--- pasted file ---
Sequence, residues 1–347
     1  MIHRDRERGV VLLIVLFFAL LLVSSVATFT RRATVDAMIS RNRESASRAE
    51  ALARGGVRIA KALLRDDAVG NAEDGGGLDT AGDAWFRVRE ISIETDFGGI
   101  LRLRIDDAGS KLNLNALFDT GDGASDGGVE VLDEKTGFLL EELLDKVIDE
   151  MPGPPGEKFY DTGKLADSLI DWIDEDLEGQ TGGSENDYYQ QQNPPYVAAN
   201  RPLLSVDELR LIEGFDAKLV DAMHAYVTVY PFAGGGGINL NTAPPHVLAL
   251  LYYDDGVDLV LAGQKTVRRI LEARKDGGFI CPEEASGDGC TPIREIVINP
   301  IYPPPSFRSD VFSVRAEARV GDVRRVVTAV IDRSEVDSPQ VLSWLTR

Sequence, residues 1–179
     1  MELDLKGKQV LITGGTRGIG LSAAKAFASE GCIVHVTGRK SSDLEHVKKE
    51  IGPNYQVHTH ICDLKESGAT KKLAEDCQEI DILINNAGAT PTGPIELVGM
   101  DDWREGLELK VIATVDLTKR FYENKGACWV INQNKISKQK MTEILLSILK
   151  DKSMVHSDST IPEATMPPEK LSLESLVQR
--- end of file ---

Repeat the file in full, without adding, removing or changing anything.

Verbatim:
Sequence, residues 1–347
     1  MIHRDRERGV VLLIVLFFAL LLVSSVATFT RRATVDAMIS RNRESASRAE
    51  ALARGGVRIA KALLRDDAVG NAEDGGGLDT AGDAWFRVRE ISIETDFGGI
   101  LRLRIDDAGS KLNLNALFDT GDGASDGGVE VLDEKTGFLL EELLDKVIDE
   151  MPGPPGEKFY DTGKLADSLI DWIDEDLEGQ TGGSENDYYQ QQNPPYVAAN
   201  RPLLSVDELR LIEGFDAKLV DAMHAYVTVY PFAGGGGINL NTAPPHVLAL
   251  LYYDDGVDLV LAGQKTVRRI LEARKDGGFI CPEEASGDGC TPIREIVINP
   301  IYPPPSFRSD VFSVRAEARV GDVRRVVTAV IDRSEVDSPQ VLSWLTR

Sequence, residues 1–179
     1  MELDLKGKQV LITGGTRGIG LSAAKAFASE GCIVHVTGRK SSDLEHVKKE
    51  IGPNYQVHTH ICDLKESGAT KKLAEDCQEI DILINNAGAT PTGPIELVGM
   101  DDWREGLELK VIATVDLTKR FYENKGACWV INQNKISKQK MTEILLSILK
   151  DKSMVHSDST IPEATMPPEK LSLESLVQR